In 2009, Angel Villalona was a 19-year-old first baseman with a limitless future.
He was the San Francisco Giants’ first baseman of the future, a slugger with Bondsian power and an athlete with agility that belies the 260 pounds he carries on his 6-feet, 3-inch frame.
The Giants thought enough of Villalona to give him a $2.1 million signing bonus as a 16-year-old, which _ along with his baseball prowess _ made him a Grade A celebrity in his hometown of La Romana, Dominican Republic.
It almost came crashing down on a single night. Just days after returning home at the end of the California League season, Villalona was named a suspect in a murder. The available details of the story have well-documented, but charges against Villalona were dismissed. Whether a reported $138,000 he was said to have paid to the victim’s family had anything to do with the charges going away remains an unanswered question.
But the bottom line is that after missing two full seasons of baseball, then returning last summer to get 155 at-bats in the Dominican Summer League - a league for teenagers, not veterans - Villalona is back in San Jose.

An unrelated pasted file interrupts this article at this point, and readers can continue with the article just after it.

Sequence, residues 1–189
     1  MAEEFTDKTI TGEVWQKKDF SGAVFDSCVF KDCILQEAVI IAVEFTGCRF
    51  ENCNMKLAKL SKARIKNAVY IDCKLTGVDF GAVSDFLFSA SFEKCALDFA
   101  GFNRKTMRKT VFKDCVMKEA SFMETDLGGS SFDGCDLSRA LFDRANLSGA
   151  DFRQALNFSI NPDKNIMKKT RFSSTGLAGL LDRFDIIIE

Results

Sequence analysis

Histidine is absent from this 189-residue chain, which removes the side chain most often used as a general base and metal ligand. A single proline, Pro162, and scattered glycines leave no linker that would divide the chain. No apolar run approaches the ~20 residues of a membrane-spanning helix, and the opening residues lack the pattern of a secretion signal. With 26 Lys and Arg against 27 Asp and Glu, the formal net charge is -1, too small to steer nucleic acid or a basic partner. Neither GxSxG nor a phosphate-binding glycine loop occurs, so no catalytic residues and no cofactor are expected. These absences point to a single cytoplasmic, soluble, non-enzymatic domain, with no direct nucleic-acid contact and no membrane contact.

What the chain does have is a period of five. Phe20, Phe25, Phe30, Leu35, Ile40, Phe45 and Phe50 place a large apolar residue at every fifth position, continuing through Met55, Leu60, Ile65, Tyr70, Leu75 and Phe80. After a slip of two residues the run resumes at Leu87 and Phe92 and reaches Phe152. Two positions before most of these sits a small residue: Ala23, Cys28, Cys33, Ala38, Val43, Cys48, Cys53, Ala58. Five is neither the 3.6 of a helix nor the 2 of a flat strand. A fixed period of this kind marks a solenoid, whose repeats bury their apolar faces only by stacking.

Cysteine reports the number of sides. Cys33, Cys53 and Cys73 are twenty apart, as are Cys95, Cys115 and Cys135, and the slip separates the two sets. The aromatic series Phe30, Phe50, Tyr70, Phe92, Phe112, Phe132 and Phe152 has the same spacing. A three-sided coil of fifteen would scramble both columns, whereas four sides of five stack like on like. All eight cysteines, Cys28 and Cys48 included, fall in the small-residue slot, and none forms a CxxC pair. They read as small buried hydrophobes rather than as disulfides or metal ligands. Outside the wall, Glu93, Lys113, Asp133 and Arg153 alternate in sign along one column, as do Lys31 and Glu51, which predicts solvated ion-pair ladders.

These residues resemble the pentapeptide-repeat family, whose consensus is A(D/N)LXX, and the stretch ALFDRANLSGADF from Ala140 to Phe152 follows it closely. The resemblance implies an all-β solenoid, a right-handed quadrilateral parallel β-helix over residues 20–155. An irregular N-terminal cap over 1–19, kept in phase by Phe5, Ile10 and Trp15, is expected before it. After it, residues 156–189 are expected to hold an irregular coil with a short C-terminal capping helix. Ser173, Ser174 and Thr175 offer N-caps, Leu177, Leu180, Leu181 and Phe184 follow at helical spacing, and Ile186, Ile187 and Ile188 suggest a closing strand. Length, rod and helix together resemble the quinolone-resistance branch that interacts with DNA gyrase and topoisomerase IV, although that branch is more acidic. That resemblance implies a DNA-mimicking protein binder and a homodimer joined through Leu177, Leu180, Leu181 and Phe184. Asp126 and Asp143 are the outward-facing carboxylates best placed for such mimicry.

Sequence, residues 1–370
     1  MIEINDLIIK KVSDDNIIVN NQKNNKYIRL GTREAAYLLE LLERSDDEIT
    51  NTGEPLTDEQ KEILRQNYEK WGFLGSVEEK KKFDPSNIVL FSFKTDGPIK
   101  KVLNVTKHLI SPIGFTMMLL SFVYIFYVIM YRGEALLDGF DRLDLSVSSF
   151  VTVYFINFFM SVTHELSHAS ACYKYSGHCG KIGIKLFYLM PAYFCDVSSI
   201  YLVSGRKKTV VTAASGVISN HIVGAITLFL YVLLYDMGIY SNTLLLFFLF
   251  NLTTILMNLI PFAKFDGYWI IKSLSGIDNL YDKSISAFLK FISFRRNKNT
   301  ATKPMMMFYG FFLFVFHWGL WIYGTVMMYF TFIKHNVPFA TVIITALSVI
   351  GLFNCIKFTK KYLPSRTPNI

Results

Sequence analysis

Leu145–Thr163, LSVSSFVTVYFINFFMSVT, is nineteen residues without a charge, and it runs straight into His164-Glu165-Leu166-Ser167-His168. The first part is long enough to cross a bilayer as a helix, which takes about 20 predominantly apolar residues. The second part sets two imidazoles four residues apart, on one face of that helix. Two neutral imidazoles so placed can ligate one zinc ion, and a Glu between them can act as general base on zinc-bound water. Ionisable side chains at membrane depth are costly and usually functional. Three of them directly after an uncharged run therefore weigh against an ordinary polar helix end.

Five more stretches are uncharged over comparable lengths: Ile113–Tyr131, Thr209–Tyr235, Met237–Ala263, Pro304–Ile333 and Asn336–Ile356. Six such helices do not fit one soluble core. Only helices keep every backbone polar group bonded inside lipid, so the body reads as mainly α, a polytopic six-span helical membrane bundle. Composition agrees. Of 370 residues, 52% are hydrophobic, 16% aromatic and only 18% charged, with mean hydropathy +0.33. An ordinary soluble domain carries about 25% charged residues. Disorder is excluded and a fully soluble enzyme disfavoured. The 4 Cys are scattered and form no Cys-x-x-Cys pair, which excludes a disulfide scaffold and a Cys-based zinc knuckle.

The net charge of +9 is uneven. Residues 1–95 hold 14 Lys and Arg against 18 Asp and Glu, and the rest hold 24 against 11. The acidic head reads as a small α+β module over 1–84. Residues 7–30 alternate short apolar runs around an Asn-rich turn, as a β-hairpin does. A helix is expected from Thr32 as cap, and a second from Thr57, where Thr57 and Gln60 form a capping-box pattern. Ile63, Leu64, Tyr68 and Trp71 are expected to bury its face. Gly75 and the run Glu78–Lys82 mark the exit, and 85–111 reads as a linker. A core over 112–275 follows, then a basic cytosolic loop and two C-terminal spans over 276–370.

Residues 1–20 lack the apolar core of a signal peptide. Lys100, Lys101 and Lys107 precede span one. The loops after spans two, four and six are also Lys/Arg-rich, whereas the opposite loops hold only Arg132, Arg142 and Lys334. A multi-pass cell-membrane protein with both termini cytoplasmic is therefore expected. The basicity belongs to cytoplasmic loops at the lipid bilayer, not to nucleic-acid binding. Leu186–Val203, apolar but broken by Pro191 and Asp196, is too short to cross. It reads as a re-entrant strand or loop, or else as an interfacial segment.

The long-time rival team of the Modesto Nuts is in town this week for a three-game series that opened Monday night.
Now 22, Villalona is back trying to climb the Giants’ organization ladder. He’s four years older, but has the down time damaged his career? San Jose manager Andy Skeels doesn’t think so.
“As a player, he’s a lot stronger and a lost faster, and maturity has a lot to do with that,” Skeels said. “He’s done everything we’ve asked. He shows up early and works hard and works extra. His attitude is great and he’s been a great teammate. I couldn’t be happier with where he’s at right now.”
Villalona’s numbers overall aren’t great. He’s hitting .237 with 35 RBI and continues to strike out a lot. But let’s break down those numbers a little further.
Upon returning to the California League, Villalona began the season two-for-41. Since then he’s hit a solid .287. And in his last eight games he’s hit .353 with six homers and 10 RBI.
“He handled that early stretch like a pro,” Skeels said. “It’s hard to say you can identify turning points for a player, but for me, the way he handled that situation answered a lot of questions I had in a very short time about how he was going to be under the pressure of trying to make up for lost time.”
Despite missing two full seasons and a part of a third, Villalona remains a young man with a baseball future that could be bright. With 25-year-old Brandon Belt at the major league level for the Giants, Villalona might not figure into San Francisco’s plans.
But as long as he’s hitting, someone will be able to find him a lineup spot.
“He’s been gone a while,” Skeels said. “It’s not going to happen for him overnight, and he’s still a young man. It takes a while for all players to figure things out, and in that way he’s been remarkable.”